The Camellia bridge project was under consideration long before my family moved from Liberal, Kansas to our home in Rivers Edge in 1988. At that time my Realtor told me it was for the Mount Vernon Street corridor. We found a great house on Pickwick Drive with great neighbors on both sides and across the street. Then the plan was developed to use the Camellia corridor and remove my backyard neighbors, their “front door” neighbors, and the quiet Camellia Boulevard. Those of us who remained requested talks with city officials of the previous administration to address our concerns about the noise and security of our properties. These talks were held at St. Barnabas Episcopal Church — a central location for property owners on the Johnston Street side of the Vermilion River. Several alternatives were discussed, but the option of a sound/security wall was decided upon. A 12-foot-tall composite wall was presented to and selected by all in attendance. We were told that funding was available, and it could be done. In addition, for the safety of pedestrians who would use the “Linear Park” and the noise level the residents bordering the thoroughfare would have to endure, a speed limit of 35 MPH would be put in place. All of these measures were to try and maintain a quality of life of a previously quiet neighborhood.
In the 20 years my bank and I have owned this property I have seen very few moving vans on the streets boarding Camellia Boulevard. So the argument that “they knew what it was like when they moved in” doesn’t hold water. All of us who bought our property didn’t know it was coming when we bought.
So in conclusion: If you get behind me on Camellia Boulevard, and I am driving 35 MPH — on both sides of the river — don’t tailgate. Just take a breath and enjoy what Joey Durel has called “the most beautiful street in Lafayette.”
The Lafayette superintendent insists the budget is illegal and vows to fight on.
"I am not a scientist," Senate Republican Leader Mitch McConnell has said numerous times, a response that other members of his party have parroted.
Republicans are running strong races against endangered Democratic incumbents in states such as North Carolina, Colorado, Arkansas, Louisiana and Alaska. Republicans are also looking to replace retiring Democrats in Iowa and West Virginia with a GOP lawmaker.
Republican congressman Vance McAllister is trying to make up to Louisiana voters for getting too close to a married former employee.
You may not like all of “it,” but U.S. Sen. Mary Landrieu, unlike many of her colleagues, isn't sitting around twiddling her thumbs in Congress.
Saints safety Kenny Vaccaro says he "can't wait" to play against Green Bay quarterback Aaron Rodgers.
The heat keeps rising for Iberia Parish Sheriff Louis Ackal as a new slate of corruption allegations surfaced this week.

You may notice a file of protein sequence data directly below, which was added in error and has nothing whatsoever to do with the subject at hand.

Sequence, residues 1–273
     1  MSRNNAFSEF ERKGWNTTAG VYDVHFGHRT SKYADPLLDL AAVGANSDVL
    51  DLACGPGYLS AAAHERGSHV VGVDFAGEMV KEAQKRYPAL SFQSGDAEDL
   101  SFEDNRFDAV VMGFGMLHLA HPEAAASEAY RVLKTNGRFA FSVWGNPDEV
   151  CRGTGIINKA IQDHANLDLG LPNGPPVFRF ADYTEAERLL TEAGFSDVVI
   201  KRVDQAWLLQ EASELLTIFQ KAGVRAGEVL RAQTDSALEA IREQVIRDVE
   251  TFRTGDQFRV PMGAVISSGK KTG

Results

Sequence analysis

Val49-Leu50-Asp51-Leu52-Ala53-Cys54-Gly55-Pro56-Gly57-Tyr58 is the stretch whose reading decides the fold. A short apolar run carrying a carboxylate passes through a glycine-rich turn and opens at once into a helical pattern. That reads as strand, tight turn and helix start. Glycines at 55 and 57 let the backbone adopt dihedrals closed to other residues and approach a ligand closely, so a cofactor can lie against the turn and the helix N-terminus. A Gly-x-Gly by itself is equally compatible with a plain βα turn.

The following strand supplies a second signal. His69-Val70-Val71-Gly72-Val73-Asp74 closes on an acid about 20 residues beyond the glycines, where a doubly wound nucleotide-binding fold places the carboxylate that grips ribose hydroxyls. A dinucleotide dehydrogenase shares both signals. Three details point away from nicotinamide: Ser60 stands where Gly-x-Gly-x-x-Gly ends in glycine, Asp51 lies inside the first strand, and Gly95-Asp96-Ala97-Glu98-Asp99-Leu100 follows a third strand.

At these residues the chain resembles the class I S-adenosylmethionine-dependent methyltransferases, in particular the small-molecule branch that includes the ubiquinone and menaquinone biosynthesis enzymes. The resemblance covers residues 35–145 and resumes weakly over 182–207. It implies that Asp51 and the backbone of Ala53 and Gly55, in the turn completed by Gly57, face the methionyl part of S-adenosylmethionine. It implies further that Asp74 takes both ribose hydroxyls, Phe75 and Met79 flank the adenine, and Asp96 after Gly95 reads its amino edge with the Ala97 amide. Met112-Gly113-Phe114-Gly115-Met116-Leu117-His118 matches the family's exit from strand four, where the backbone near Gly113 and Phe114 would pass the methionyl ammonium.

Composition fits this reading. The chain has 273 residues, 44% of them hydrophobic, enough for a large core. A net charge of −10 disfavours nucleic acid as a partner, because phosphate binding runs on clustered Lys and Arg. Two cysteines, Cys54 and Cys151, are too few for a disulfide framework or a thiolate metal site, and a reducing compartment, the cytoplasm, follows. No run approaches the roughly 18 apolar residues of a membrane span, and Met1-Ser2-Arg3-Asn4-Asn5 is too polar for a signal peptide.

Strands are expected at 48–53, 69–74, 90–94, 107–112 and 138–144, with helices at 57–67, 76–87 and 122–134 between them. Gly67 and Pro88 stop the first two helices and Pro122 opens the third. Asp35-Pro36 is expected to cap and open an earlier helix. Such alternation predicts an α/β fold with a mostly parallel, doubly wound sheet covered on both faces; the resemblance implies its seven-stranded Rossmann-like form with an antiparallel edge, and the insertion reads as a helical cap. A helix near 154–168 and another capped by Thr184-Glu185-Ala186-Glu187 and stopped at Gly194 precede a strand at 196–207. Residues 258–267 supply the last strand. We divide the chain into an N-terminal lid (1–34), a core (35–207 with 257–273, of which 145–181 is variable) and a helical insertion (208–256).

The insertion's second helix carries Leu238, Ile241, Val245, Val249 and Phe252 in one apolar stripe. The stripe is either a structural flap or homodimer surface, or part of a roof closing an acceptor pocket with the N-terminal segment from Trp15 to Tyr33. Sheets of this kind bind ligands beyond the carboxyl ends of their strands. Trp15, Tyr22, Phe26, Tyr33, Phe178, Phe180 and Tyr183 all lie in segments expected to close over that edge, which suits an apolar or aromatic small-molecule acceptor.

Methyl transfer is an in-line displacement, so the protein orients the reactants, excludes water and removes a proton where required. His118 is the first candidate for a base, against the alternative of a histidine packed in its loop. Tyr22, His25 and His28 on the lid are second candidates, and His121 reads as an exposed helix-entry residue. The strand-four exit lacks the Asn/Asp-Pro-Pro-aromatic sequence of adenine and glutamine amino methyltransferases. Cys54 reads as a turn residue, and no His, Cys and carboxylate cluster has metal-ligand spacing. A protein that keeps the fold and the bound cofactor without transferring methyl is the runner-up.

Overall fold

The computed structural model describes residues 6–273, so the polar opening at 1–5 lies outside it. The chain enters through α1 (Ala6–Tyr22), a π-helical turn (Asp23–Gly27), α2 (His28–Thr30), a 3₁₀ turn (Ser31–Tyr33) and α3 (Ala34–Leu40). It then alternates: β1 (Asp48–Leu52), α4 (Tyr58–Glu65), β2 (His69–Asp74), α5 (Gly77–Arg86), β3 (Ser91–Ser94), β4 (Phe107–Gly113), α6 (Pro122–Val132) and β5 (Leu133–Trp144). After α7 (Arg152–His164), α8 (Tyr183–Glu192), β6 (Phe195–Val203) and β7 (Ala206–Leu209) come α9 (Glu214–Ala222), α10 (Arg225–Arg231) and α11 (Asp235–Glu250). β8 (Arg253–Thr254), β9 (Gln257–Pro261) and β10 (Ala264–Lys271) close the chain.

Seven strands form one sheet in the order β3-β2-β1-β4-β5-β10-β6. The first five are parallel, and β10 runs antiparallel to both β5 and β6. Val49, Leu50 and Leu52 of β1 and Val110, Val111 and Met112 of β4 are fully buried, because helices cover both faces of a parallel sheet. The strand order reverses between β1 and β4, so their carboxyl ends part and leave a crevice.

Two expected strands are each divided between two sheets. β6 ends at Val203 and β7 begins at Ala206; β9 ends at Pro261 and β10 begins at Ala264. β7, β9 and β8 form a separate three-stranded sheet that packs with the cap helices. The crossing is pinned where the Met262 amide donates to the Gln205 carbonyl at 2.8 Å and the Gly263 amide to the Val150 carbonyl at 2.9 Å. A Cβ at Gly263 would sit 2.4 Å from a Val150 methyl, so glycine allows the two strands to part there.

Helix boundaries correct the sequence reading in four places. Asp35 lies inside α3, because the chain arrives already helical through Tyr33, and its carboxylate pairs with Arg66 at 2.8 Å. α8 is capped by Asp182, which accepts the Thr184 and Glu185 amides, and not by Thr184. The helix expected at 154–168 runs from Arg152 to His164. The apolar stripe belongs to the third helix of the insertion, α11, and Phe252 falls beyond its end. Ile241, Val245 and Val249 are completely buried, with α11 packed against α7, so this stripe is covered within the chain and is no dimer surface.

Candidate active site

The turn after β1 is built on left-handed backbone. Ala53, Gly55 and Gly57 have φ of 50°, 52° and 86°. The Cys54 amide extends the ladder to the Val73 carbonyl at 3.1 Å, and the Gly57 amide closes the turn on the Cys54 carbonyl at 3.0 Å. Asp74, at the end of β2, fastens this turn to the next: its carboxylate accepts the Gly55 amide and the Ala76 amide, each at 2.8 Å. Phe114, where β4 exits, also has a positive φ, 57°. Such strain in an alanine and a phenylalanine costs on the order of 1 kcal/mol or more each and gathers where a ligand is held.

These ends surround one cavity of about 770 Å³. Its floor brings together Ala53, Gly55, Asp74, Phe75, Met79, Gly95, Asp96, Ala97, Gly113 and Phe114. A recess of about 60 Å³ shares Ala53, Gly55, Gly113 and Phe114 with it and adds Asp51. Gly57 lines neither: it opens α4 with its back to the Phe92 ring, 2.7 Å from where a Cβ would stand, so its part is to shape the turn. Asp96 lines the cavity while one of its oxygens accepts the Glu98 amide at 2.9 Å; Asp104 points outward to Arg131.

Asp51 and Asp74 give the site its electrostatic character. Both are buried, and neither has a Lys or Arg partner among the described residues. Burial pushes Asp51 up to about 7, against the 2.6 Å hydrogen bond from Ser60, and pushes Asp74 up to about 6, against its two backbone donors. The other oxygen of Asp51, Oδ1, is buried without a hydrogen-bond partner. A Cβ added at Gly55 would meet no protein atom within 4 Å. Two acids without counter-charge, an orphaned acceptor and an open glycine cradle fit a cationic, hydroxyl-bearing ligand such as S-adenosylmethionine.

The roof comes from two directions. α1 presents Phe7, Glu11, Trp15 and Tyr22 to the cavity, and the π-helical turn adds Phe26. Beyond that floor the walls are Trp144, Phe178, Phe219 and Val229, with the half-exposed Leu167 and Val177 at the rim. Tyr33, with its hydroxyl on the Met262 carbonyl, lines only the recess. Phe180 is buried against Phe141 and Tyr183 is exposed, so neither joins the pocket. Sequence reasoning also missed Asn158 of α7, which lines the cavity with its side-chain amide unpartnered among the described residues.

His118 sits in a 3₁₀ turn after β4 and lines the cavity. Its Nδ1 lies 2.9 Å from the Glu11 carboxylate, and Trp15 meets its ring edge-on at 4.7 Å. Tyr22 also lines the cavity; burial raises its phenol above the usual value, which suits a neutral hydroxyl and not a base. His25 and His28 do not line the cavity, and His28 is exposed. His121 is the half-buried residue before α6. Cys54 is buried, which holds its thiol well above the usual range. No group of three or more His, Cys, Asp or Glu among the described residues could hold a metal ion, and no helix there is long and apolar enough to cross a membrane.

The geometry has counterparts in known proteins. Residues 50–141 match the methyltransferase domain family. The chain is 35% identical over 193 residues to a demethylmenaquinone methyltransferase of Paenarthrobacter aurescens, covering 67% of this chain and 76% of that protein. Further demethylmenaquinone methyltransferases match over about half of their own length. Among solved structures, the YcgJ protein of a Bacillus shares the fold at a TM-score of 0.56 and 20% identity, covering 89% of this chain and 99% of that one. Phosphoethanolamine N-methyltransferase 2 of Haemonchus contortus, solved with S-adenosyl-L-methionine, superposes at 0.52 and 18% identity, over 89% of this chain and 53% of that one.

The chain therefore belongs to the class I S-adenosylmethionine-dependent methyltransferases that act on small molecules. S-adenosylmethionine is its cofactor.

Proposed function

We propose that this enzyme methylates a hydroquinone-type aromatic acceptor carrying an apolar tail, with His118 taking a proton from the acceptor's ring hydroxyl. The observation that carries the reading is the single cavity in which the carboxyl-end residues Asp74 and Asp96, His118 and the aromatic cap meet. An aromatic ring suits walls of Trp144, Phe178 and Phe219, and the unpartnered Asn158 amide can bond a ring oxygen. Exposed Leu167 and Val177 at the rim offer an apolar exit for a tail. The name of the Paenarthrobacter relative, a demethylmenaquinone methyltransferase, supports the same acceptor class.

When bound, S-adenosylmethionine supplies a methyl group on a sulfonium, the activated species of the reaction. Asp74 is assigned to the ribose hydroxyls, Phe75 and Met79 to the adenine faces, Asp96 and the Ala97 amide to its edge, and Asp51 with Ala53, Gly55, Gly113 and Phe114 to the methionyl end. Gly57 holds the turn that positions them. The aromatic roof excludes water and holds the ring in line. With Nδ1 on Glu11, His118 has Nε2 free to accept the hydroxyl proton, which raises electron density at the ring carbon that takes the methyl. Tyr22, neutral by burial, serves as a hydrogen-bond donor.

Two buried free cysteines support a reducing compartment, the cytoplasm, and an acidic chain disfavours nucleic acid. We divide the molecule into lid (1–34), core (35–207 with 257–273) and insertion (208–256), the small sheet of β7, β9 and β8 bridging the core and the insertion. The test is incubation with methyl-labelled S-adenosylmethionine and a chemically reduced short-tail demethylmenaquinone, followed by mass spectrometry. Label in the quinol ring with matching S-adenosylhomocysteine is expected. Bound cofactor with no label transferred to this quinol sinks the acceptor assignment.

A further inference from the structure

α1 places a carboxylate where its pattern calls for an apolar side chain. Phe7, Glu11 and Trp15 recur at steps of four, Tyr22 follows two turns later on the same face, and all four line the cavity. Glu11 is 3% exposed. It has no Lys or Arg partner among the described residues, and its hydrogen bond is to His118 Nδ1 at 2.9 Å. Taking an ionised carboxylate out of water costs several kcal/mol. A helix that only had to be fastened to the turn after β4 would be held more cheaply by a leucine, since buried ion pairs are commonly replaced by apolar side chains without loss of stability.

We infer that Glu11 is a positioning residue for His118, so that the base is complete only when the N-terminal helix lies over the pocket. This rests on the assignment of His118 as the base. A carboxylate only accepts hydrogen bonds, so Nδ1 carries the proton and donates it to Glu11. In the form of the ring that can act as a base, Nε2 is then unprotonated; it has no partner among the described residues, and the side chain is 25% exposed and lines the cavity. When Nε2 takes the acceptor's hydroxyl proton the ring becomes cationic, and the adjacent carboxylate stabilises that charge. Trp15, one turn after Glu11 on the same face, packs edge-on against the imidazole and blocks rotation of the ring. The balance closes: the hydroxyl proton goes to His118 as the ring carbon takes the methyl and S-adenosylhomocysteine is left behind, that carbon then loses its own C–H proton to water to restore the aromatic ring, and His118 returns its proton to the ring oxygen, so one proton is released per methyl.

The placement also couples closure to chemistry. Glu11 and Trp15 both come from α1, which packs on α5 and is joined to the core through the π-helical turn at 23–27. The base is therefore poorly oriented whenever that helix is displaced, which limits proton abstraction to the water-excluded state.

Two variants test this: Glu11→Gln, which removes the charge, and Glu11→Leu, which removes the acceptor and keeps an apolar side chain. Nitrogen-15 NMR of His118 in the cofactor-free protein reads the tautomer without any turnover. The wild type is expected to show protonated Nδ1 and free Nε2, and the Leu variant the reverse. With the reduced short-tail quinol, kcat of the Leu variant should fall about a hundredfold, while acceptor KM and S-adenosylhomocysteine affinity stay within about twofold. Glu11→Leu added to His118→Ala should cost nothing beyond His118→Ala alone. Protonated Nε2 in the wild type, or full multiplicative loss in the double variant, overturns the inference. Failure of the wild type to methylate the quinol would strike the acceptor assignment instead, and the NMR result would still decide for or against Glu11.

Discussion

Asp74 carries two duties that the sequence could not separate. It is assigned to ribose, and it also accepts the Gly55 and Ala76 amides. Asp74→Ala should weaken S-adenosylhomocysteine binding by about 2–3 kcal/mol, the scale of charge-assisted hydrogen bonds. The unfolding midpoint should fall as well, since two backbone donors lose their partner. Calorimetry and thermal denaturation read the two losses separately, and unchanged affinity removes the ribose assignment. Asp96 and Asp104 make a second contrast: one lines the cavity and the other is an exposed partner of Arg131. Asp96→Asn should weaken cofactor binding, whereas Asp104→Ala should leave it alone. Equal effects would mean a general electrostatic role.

If opposing defenses sell out to stop the Packers' passing game, they risk being gashed by powerful running back Eddie Lacy, a New Orleans-area native.
At the horn the officiating crew trotted to the tunnel and left security personnel to clean up after them.
Friday's Blogs from the Bog!
Sign "ninjas" cleaning up clutter; NYC doctor positive for Ebola; Ferguson grand jury decision nears; and more national and international news for Friday, October 24, 2014.
We can safely assume incumbent Chief K.P. Gibson isn’t too worried about this challenger.
Nationally, Republicans must gain six seats to win Senate control. The most competitive races, many in states where Obama lost in 2012, remain too close to call.
The Baton Rouge Republican has repeatedly battled a perception within his own party that he perhaps wasn't the best choice to carry the GOP banner.
Even if Jimmy Graham's production dips while the star tight end recovers from a shoulder injury, it looks like Drew Brees won't have much trouble finding other targets.
A former campaign manager for Senate candidate Rob Maness is striking at the Republican contender's tea party support, saying Maness only sought to appeal to conservative organizations because he needed money for his campaign.
Ninety-two percent of public school teachers were rated either effective or highly effective in a report the state issued marking the second year of a new statewide evaluation process.
School board members Mark Babineaux, Hunter Beasley and Tehmi Chassion can vote to fire Cooper — because we all know that’s exactly what they’ll do.
District 2 school board candidate Simon Mahan is hoping to unseat first-term incumbent and former Carencro Mayor Tommy Angelle in the Nov. 4 election.
District Attorney Mike Harson is showing his desperation by falsely attributing quotes to his opponent and blocking journalists from his social media.
The governor is traveling the country laying the groundwork for a possible 2016 presidential campaign, but his approval ratings at home hover well below 50 percent.
State District Judge Bob Downing extended the order and delayed a planned Wednesday hearing about a permanent injunction while negotiations continue between Attorney General Buddy Caldwell and the waste disposal site operator.
New Louisiana higher education commissioner Joseph Rallo will be paid more than his predecessor.
Elijah McGuire and Alonzo Harris each had four rushing touchdowns, and Louisiana-Lafayette rolled to 419 yards on the ground in a 55-40 victory over Arkansas State on Tuesday night.
Bill and Hillary Clinton are the validators-in-chief for Democrats struggling through a bleak campaign season in states where President Barack Obama is deeply unpopular.